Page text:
As a result of this, in many Debian-based systems root user has no password set - i.e. it's not possible to login as root directly.

Also, /etc/sudoers allows to specify some additional options - i.e. user X is only able to run program Y etc.

The often-used sudo su combination works as follows: first sudo asks you for your password, and, if you're allowed to do so, invokes the next command (su) as a super-user. Because su is invoked by root, it does not require you to enter the target user's password. So, sudo su allows you to open a shell as another user (including root), if you're allowed super-user access by the /etc/sudoers file.

  • 3
    I've never seen su as "switch user", but always as superuser; the default behavior without another's user name (though it makes sense). From wikipedia : "The su command, also referred to as super user[1] as early as 1974, has also been called "substitute user", "spoof user" or "set user" because it allows changing the account associated with the current terminal (window)."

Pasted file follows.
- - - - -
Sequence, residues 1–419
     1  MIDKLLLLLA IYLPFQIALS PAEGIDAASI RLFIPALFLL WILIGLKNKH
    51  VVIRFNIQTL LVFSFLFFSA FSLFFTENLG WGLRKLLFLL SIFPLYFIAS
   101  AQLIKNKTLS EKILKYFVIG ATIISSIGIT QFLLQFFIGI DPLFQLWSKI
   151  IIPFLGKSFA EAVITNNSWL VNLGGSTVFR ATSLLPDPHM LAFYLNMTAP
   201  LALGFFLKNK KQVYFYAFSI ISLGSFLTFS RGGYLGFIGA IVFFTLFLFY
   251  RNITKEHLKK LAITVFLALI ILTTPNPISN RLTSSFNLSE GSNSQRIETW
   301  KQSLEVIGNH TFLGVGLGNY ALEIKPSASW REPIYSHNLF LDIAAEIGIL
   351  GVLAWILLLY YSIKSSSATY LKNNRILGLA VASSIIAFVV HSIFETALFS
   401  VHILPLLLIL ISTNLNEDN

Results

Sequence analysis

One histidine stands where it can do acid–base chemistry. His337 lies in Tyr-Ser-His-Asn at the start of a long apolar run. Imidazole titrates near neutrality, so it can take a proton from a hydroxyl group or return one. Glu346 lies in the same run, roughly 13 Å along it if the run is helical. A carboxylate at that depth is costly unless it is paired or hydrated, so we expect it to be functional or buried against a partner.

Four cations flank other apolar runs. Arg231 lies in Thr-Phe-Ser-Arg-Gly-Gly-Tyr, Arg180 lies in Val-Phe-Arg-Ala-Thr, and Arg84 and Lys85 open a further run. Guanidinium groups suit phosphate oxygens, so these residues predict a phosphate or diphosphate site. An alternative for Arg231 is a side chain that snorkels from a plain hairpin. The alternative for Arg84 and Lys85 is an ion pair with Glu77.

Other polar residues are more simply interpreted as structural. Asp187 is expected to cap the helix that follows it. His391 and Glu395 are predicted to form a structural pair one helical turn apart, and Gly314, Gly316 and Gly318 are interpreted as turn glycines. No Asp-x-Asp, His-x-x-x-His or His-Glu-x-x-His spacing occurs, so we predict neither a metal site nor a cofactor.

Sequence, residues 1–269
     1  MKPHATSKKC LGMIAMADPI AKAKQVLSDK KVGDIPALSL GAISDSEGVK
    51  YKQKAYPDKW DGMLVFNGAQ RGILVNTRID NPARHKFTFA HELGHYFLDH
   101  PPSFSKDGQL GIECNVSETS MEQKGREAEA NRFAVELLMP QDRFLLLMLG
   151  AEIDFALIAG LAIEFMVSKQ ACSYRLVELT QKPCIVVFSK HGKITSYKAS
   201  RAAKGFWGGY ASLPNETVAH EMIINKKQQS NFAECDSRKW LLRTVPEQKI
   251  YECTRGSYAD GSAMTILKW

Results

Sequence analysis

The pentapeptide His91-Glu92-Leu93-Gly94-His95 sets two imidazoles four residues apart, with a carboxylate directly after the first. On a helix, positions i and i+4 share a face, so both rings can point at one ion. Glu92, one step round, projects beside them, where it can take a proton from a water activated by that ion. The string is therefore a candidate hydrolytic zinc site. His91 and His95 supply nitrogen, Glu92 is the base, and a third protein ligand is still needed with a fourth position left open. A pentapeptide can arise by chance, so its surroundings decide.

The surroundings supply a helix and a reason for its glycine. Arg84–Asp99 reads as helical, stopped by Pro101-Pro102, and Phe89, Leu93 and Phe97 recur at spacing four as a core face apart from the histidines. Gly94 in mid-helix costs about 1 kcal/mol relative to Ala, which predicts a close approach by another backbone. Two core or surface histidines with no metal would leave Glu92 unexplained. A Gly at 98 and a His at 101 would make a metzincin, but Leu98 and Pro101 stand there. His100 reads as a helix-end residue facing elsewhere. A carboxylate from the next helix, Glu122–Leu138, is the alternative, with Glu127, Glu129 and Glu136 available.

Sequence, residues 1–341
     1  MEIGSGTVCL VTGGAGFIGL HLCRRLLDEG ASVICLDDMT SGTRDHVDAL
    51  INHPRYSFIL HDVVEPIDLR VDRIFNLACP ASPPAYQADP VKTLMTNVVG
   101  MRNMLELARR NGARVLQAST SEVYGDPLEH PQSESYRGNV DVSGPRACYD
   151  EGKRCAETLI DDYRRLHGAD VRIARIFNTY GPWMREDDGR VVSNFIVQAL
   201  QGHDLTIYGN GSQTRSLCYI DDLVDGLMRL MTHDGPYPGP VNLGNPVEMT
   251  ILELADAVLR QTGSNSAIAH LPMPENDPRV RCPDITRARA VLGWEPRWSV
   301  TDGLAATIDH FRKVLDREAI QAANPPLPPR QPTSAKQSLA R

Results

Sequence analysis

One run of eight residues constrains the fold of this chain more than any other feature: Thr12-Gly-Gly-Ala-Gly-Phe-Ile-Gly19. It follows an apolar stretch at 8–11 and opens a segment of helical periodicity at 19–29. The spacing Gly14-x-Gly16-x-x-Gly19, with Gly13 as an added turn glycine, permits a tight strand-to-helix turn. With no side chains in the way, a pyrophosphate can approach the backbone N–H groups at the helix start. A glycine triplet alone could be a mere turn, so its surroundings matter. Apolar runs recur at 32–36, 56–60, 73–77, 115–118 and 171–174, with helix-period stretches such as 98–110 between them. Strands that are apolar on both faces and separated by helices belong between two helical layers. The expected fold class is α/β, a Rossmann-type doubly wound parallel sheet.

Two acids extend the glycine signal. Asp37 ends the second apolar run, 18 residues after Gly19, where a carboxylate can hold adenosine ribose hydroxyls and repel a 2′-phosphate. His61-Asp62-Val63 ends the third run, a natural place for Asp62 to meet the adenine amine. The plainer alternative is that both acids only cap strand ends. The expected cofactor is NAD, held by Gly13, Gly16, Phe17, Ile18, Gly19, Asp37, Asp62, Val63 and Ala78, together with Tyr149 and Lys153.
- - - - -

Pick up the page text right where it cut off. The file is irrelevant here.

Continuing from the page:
– dr jimbob
    Oct 22, 2011 at 13:47
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    @dr jimbob: you're right, but I'm finding that "switch user" is kinda describes better what it does - though historically it stands for "super user". I'm also delighted to find that the wikipedia article is very similar to my answer - I never saw the article before :)
    – Sergey
    Oct 22, 2011 at 20:33